SAN FRANCISCO

 

 

Oh, That Schedule

The views expressed in this blog are those of the author and do not necessarily reflect the official policy or position of RCN or any other agency, organization, employer or company.

It happens around this time every year. We start to get complaints that a viewer’s team has not been shown. The questions are often the same: Why aren’t you doing this team? Why is this team on so often? Why are you predominantly focusing on one league? etc.

I suppose we could take this as a compliment that viewers want to see us cover their team. I’d like to think the RCN gang does a great job and, therefore, you want our production at your game. I am also not naïve and realize you may just want to see your son or daughter on TV. I get it.

So, allow me a chance to explain the process. A schedule is sought weeks before the actual start of the season. In other words, before any games are even played, a preliminary schedule for the football season is published. Obviously, this involves some picking of games based on the teams considered to be the best and finding the best match-ups for any given week.

And, so far, I would like to think we have done a pretty good job:

Notre Dame 42 – Northwestern 35
Freedom 24 – Bethlehem Catholic 21
Freedom 21 – Parkland 18
Nazareth 35 – Freedom 33
Nazareth 27 – Bethlehem Catholic – 13

There is no question these were the best games of the night. Except, perhaps, this past week when Easton beat Emmaus by one in the waning seconds. We missed that one. However, we will see Easton quite a bit the rest of the season.

There are also other factors. On some weekends, our production crew has other responsibilities such as the Allentown Fair, the Celtic Classic, and charity polo. Those events tie up one of our two production trucks. We cannot be everywhere and our football schedule reflects that.

We also contractually support the Lafayette football program, so their Saturday game may negate our ability to do a high school game that day. And please understand that our schedule is a transformational one. We may very well have picked a game in late July and a better match-up that we did not anticipate pops up. We will change. For instance, right now the Nazareth-Easton game (both teams are currently undefeated) is not on our schedule. I certainly expect that will change.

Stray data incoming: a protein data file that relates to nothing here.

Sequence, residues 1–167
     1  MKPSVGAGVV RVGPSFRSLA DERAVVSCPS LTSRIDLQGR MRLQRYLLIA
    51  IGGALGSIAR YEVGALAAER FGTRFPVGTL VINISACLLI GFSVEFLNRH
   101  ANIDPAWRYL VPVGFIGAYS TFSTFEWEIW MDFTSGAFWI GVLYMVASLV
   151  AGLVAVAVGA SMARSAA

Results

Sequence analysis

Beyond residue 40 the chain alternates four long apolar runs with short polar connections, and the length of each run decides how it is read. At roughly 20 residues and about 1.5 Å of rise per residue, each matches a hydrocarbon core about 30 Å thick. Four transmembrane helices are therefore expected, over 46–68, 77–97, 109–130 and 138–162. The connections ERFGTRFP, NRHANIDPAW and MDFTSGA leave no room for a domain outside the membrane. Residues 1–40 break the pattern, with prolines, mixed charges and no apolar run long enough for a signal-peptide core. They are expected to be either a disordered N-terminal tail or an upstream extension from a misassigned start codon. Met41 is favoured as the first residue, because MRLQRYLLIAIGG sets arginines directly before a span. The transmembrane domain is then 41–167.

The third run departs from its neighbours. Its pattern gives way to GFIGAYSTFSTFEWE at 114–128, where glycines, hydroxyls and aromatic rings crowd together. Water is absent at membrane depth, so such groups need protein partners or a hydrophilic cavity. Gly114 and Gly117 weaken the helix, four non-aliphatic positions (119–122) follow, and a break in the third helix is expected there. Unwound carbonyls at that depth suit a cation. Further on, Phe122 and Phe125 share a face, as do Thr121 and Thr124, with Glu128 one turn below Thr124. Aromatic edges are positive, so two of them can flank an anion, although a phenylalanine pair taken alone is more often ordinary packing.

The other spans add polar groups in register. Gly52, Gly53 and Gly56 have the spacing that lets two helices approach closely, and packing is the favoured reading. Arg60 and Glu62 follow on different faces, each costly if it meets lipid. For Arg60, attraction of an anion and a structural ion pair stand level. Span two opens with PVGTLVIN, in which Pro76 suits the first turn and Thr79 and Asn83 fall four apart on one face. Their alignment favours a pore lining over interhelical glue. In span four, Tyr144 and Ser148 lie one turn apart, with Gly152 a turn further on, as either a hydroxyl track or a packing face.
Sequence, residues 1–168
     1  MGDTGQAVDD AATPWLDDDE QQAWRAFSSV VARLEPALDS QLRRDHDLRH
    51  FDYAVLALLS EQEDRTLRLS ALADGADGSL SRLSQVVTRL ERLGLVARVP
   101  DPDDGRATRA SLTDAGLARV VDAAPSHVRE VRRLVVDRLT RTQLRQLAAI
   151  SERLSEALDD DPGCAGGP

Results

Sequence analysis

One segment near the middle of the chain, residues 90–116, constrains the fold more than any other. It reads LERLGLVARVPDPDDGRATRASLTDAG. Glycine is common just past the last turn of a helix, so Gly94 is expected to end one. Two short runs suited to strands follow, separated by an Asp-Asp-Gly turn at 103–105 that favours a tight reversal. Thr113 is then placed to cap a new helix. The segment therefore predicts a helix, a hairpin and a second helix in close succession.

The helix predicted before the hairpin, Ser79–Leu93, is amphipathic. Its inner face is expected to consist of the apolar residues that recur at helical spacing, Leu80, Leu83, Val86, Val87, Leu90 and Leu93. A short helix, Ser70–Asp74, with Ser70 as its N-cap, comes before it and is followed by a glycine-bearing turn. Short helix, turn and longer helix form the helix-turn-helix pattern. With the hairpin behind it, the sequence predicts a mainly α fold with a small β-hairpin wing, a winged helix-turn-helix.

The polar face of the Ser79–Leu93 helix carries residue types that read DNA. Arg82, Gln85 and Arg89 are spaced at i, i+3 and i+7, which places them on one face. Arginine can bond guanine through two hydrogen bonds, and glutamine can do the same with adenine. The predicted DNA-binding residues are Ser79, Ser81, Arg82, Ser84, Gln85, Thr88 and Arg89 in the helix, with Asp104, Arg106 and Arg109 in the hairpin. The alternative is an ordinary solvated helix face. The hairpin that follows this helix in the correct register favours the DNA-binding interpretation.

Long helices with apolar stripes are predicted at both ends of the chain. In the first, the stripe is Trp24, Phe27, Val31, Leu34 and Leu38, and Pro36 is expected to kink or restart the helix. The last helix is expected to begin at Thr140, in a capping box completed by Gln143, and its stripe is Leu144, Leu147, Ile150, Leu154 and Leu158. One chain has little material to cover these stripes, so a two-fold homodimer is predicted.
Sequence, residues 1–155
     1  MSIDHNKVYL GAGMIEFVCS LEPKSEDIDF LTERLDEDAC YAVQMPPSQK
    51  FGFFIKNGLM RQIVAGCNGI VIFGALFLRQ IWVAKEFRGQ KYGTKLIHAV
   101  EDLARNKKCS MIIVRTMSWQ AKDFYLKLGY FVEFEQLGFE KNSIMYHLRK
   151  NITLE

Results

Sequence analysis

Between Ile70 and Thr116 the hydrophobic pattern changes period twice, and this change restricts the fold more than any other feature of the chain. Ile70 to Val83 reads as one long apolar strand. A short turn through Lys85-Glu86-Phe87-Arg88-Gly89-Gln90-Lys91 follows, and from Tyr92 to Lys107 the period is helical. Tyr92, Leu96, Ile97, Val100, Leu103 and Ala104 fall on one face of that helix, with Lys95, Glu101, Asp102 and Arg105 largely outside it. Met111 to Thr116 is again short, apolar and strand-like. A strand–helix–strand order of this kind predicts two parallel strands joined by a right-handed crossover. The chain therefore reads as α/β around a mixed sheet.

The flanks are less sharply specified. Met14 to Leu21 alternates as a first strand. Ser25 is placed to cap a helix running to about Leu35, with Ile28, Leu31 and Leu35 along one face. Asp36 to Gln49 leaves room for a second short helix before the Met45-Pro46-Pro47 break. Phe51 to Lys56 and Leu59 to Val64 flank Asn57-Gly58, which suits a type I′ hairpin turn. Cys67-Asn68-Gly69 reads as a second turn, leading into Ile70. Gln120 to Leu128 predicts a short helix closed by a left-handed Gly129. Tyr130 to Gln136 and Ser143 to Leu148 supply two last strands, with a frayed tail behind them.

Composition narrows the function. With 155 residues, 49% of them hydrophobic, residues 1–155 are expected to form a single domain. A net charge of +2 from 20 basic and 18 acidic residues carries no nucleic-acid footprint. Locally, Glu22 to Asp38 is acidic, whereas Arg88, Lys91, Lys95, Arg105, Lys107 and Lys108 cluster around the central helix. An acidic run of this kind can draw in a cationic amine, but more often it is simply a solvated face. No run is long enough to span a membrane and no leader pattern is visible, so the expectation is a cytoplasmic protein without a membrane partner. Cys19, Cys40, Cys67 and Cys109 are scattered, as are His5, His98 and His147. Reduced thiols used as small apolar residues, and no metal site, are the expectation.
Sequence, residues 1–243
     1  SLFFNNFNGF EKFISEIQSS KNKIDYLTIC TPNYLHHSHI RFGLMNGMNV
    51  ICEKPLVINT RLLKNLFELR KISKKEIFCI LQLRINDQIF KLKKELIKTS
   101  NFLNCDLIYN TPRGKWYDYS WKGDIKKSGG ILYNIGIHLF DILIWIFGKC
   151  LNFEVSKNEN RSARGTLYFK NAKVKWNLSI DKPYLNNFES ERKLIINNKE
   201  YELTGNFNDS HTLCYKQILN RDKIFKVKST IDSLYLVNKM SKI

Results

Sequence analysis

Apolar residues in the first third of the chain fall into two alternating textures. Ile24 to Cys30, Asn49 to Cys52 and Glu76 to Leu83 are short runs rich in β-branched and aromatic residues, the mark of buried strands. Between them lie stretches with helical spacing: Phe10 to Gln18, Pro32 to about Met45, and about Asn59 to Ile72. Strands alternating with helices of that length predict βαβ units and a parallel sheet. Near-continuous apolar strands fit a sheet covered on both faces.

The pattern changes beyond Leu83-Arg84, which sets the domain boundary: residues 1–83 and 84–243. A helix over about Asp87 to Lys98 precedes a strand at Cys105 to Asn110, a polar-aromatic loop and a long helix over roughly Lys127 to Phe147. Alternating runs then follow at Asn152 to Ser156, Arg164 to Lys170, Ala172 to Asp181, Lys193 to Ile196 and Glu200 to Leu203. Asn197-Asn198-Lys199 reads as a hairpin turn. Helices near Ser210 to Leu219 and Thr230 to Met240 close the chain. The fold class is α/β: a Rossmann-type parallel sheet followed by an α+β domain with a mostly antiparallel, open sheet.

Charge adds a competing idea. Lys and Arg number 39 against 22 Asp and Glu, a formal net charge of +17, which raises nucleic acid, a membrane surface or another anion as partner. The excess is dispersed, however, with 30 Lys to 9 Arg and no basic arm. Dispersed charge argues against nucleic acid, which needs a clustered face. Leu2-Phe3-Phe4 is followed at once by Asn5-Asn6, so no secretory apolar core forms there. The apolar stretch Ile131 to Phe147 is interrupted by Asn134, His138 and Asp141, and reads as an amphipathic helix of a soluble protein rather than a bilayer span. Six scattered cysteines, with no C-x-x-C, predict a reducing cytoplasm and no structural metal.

We thank all of you for your passion for our local coverage on all fronts. Believe me, our goal is not to slight anyone or any program. As far as football is concerned we try to bring the best games we can that will attract the greatest viewer interest. And then, we hope we are right!


ABOVE THE EARS (SOME MUSINGS)

1. If the Eagles don’t get healthy quickly, they will not make the playoffs. Sunday showed that without DeSean Jackson and Alshon Jeffery, they have very few weapons at Carson Wentz’s disposal. It looks like 1-3 after Thursday’s matchup with the Packers. The Cowboys are already 3-0.

2. The headline read, “Antonio Brown will never play in the NFL again”. I hope that is true!

3. It appears Saquon Barkley has a high ankle sprain. He’s not out for the season, but this injury has a history of taking weeks to heal. Even with Barkley out, rookie quarterback Daniel Jones led the Giants to a comeback win over Tampa Bay.

4. It’s the final week of MLB and the Phillies are done. It looks like the Mets and the Cubs will not make it either. The Brewers and the Nationals appear to be the wild card teams, but the Brewers can still pass the Cardinals for the Division title. The Athletics appear to be a wild card lock with the Rays and the Indians battling for the other spot. Wild card scenarios make the end of the season interesting, for sure.

5. There is no doubt that the Nazareth Blue Eagles are the surprise of the football season thus far. With back-to-back wins over Freedom and Bethlehem Catholic, can they avoid a letdown this Friday at Parkland? Tune in to RCN-TV for the LIVE telecast at 7:00pm on Friday night. Lafayette takes on Penn on Saturday afternoon at 3:30pm, also on RCN-TV.

GARY’S GUESSES (LAST WEEK –12-4) (YEAR-TO-DATE – 34-13-1 72%)

GREEN BAY
GIANTS
HOUSTON
BALTIMORE
CHARGERS
INDIANAPOLIS
KANSAS CITY
NEW ENGLAND
ATLANTA
RAMS
SEATTLE
MINNESOTA
JACKSONVILLE
NEW ORLEANS
PITTSBURGH

 

 

 

Gary’s Guesses

The views expressed in this blog are those of the author and do not necessarily reflect the official policy or position of RCN or any other agency, organization, employer or company.
 

I’m taking a blog break for the Labor Day weekend, but that doesn’t stop me from looking at the NFL season for this year.